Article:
University of Kansas researchers have developed a novel apparatus and associated method for the in situ formation of multi-layer thin film structures using atomic layer deposition (ALD) and ultra-high vacuum (UHV) physical/chemical vapor deposition.
Conventional ultra-high vacuum (UHV) processes like physical vapor deposition (PVD) and chemical vapor deposition (CVD) are used for fabricating thin films at high temperature and/ or high vacuum conditions. Components for emerging technology devices, however, require material layers so thin and precise that they must be controlled at the atomic scale. Superconductor-insulator-superconductor (SIS or "Josephson junctions") and metal-insulator-metal (MIM) tunnel junctions are excellent examples.
ALD is a refined CVD process in which a thin film is built from alternating monolayers deposited by sequential pulses of different precursor materials. The self-limiting chemical reactions involved allow precise control over the thickness and composition of the film and provide uniform and conformal coverage that eliminates "pinhole" defects that cause leakage between layers. This presents a promising technique for certain aspects of thin film fabrication, but the required temperature and pressure necessitates a chamber separate from the one used in the UHV processes that create other layers of thin film structures. To avoid the contamination risk of transferring the sample between different chambers, an in situ transfer is desired. The present invention provides a cost-effective ALD module that can interface with existing UHV equipment.
This invention has been used to create ultrathin, low-leakage SIS tunnel junctions that are useful for quantum computers applications. The integrated ALD+PVD system also provides a powerful fabrication approach for many other nanostructured devices, including advanced energy devices (ultracapacitors, lithium ion batteries, graphene composite transparent conductors), magnetic data storage (MRAM), detectors and sensors (UV, infrared, gas, chemical), and electron and x-ray emitters.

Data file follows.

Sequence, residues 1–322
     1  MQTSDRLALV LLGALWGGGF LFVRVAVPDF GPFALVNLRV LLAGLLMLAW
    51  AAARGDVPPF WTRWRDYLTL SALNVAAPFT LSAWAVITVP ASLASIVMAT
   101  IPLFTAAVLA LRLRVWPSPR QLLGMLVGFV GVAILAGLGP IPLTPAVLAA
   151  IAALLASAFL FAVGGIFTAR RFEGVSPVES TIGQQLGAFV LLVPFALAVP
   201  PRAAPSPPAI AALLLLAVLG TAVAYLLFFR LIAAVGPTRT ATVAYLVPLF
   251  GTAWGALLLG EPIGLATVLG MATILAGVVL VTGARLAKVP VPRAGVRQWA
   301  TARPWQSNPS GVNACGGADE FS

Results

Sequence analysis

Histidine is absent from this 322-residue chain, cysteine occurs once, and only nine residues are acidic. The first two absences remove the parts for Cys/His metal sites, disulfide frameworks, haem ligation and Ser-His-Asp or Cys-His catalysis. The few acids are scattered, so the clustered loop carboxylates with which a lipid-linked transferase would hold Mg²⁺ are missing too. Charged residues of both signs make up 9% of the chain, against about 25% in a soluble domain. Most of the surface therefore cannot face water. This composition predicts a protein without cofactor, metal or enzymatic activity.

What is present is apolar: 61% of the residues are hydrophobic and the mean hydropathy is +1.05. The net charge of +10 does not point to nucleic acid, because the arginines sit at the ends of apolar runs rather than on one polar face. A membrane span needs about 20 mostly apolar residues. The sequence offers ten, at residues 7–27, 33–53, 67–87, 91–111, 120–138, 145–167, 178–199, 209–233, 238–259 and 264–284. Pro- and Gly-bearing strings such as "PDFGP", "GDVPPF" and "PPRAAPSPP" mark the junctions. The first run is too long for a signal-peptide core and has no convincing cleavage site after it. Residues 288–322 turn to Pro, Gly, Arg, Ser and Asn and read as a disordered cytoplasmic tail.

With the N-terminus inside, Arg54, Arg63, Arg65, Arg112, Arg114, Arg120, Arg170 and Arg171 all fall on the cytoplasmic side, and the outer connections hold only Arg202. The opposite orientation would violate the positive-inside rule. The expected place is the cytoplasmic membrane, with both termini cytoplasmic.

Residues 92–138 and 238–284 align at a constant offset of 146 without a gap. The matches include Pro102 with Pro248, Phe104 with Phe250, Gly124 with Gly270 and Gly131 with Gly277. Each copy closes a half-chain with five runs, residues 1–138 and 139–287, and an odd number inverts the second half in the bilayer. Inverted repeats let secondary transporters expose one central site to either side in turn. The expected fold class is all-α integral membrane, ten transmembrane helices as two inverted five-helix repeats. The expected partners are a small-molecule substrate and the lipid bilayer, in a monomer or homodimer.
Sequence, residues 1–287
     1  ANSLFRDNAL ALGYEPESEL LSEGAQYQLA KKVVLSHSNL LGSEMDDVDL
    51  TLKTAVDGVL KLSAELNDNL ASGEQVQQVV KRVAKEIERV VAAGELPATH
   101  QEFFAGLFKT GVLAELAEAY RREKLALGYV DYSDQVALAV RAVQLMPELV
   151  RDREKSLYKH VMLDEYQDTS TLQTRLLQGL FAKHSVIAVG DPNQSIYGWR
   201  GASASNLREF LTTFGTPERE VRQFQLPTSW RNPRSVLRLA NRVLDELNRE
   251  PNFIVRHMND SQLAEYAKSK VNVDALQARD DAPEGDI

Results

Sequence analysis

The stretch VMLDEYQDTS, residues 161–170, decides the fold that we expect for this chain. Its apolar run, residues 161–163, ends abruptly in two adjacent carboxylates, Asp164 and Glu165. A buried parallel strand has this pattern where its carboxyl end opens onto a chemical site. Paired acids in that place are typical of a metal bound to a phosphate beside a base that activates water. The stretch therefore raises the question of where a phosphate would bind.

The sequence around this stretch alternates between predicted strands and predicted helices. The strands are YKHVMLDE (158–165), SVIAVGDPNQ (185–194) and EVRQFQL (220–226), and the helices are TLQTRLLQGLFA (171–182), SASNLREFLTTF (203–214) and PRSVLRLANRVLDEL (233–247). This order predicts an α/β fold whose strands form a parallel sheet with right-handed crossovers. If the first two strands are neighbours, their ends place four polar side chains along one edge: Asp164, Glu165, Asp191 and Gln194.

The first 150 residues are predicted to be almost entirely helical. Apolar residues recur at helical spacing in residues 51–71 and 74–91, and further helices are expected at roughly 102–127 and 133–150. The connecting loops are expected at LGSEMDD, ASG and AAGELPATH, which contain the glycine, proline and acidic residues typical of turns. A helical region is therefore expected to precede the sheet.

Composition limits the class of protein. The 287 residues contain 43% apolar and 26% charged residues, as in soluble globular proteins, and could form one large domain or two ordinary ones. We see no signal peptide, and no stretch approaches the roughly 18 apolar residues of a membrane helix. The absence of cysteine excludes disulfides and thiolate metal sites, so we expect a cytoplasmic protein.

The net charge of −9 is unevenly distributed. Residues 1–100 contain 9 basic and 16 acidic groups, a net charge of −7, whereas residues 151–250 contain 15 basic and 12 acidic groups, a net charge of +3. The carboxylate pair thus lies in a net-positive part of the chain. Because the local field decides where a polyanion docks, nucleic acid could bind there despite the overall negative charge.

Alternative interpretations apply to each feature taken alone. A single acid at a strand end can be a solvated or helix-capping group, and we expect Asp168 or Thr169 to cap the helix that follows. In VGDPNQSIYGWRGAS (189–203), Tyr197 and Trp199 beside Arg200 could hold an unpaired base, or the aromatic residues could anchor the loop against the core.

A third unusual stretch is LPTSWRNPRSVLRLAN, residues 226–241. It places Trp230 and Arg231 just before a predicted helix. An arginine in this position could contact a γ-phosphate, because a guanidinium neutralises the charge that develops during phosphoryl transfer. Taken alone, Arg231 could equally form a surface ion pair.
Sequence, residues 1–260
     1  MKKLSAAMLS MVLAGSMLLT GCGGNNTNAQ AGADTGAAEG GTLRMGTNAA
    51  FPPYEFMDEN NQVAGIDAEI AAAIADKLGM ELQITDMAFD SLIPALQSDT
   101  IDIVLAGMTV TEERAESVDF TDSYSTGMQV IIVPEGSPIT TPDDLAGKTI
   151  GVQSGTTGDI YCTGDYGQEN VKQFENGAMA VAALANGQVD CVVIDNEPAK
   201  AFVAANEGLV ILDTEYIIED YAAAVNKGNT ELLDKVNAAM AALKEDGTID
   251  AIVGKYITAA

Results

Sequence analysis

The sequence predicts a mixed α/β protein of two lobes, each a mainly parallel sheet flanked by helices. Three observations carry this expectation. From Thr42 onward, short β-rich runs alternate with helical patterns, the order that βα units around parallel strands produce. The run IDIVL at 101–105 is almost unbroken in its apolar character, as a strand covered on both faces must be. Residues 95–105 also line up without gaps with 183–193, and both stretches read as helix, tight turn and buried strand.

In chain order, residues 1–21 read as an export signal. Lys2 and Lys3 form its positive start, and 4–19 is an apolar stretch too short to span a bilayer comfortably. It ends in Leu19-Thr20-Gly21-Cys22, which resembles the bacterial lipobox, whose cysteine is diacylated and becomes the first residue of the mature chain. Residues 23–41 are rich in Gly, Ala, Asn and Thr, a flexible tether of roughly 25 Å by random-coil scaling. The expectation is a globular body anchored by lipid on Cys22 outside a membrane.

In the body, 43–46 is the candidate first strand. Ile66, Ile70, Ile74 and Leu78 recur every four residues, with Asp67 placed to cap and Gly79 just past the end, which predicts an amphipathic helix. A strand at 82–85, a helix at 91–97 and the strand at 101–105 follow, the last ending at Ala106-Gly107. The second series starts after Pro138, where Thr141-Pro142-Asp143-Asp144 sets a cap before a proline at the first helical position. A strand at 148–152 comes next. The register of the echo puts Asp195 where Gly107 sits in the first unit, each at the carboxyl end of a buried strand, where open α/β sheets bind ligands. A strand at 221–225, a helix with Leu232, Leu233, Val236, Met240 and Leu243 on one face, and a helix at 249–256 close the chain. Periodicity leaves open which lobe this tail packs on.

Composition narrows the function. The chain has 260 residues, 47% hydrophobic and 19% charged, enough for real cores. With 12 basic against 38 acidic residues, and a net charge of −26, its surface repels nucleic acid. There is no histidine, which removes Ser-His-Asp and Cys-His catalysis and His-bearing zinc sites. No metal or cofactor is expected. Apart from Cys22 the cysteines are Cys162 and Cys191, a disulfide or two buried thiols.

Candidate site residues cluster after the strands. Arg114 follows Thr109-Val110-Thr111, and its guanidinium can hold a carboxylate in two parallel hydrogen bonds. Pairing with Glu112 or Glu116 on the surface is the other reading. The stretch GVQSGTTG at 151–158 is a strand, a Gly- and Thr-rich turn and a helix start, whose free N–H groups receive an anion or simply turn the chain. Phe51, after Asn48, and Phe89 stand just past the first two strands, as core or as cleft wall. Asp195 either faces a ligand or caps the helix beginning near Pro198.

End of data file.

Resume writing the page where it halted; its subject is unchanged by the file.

HOW IT WORKS:
In Dr. Wu's lab, the novel viscous flow ALD reactor was connected to a multigun UHV sputtering system via a load lock and a magnetic transportation rod. The sputtering and load lock chambers share Ar, N2, and O2 gas lines. The ALD system has an independent gas delivery system and is heated externally with a resistive heater controlled by a variac. A system of solenoid and needle valves was designed to isolate and control the pulses of reactant gases.
This invention facilitates the research and development of atomic-scale engineered thin film structures, advancing the state-of-the-art in information and energy-related technologies.
WHY IT IS BETTER:
This invention provides a cost-effective alternative to commercial systems that integrate ALD and PVD capabilities for in situ transfer during thin film fabrication. The ALD module allows multiple precursor sources and can handle wafers up to 3" diameter with high uniformity. Its interface allows integration with an existing vacuum system directly or via a load lock. This method of fabrication has the capability to provide high quality thin film structures, as well as conformal coating of 3-dimensional surfaces.